Nearby the monastery is the Church of St. George. The Greek Church of St. George is one of the few round churches still in existence in the East, formed from it's placement atop a rounded Roman tower. The Holy Family is said to have taken shelter in a place now covered by the Church. There is a long set of steps that lead up to the church that are built on the outer wall of the Roman towers. As one ascend these steps, there can be found a relief of St. George and the dragon wrapped around the outer brickwork of the tower. The church had been burned many times. It burned in 1904 and the current structure was built in 1909, but still has some of the older structure's beautiful stained-glass windows. For centuries, the church alternated between ownership by the Copts and the Greek, but since the 15th century it has remained Greek Orthodox

Sadly, the original Church of St. George that burned was considered one of the most beautiful and richest in the Roman fortress of Babylon. Traditionally, the earliest church was built in 684 by Athanasius, who was a wealthy scribe. During the Papacy of Pope Gabriel (88th Patriarch) the relics of the saint were relocated to his well-known church in Old Cairo.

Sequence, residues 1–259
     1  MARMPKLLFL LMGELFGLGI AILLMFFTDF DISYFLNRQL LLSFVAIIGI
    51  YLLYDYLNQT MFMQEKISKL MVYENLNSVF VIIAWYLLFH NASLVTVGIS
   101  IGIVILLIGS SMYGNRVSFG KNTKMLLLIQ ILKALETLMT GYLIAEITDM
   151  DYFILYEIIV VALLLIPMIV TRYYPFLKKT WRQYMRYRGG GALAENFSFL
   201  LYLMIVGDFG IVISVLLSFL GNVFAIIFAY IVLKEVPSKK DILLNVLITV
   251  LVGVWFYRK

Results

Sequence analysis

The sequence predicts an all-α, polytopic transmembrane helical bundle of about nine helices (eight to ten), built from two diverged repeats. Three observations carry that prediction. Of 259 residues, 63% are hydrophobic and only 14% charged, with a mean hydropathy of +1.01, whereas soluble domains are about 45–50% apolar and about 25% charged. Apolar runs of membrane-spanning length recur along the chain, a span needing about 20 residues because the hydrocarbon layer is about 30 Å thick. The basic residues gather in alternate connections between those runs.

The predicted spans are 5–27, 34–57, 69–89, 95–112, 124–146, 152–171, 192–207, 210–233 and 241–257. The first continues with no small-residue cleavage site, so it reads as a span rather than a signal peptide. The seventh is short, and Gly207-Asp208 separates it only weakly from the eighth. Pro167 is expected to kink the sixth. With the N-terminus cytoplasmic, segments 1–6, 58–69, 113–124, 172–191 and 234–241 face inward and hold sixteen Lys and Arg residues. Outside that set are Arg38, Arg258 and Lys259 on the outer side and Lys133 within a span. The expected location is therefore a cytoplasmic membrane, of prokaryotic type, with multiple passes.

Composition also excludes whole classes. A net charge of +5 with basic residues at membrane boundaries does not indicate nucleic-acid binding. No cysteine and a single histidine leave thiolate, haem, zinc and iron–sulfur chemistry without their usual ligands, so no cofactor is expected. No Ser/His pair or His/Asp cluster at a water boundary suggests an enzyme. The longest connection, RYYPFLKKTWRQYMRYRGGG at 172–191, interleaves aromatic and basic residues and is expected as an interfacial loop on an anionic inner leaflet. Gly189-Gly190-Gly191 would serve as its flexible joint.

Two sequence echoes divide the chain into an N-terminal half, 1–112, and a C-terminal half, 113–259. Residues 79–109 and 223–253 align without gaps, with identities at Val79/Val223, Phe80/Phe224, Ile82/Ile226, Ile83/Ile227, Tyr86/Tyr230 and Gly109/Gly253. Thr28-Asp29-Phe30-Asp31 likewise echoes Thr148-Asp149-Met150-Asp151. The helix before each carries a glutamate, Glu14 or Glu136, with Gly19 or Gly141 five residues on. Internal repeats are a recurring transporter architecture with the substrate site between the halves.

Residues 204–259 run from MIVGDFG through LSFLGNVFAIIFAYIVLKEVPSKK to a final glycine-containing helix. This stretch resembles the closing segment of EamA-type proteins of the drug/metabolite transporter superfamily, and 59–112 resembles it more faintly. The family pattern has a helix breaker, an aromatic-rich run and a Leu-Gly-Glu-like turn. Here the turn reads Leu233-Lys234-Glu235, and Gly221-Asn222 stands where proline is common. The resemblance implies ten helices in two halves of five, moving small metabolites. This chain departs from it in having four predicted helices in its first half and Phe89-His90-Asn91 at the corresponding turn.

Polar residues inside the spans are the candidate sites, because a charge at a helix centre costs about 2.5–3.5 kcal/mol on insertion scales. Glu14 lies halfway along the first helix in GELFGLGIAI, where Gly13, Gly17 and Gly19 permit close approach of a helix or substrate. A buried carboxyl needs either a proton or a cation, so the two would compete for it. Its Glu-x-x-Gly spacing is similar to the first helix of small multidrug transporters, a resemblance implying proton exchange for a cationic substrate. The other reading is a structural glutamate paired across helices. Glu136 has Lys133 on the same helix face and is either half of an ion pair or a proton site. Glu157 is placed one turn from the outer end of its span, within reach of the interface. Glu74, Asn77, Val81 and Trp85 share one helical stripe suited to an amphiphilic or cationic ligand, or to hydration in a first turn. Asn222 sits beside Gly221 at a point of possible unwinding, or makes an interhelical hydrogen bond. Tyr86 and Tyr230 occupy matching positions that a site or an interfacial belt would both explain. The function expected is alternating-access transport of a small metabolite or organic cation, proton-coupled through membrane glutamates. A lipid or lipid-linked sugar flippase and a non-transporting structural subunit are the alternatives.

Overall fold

Steps leading to the Church of Saint George

What remains of the ancient edifice is limited to what is referred to as the wedding hall (Arabic Qa'at al-'Irsan. The rectangular hall dates from the thirteenth century and measures fifteen meters in length and twelve meters in width. Its central area is lower than its lateral parts. The south wall is notable because of the high windows made of wood and inlayed in ivory and ebony. The walls and ceiling show the traces of wall paintings and fine stucco decorations.

However, the newer church is culturally interesting, for amidst a fury of burning candles, scenes from St. George's valiant fight for Christianity are depicted through the art of many different styles, periods and medias.

In spite of the fact that the church is Greek Orthodox and the seat of the Greek Patriarch of Alexandria is in the adjoining building, the Monastery of St George, it is here that one of the largest Coptic mulids (religious festivals) is held on 23 April.

Interior of the Church  of Saint George

Interior of the Church of Saint George

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Reference Number

2000 Years of Coptic Christianity

Meinardus, Otto F. A.


American University in Cairo Press, The

ISBN 977 424 5113

Be Thou There: The Holy Family's Journey in Egypt

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Capuani, Massimo


Liturgical Press, The

ISBN 0-8146-2406-5

Coptic Monasteries: Egypt's Monastic Art and Architecture

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American University in Cairo Press, The

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Coptic Saints and Pilgrimages

Meinardus, Otto F. A.


American University in Cairo Press, The

ISBN 977 424 692 6

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Last Updated: June 16th, 2011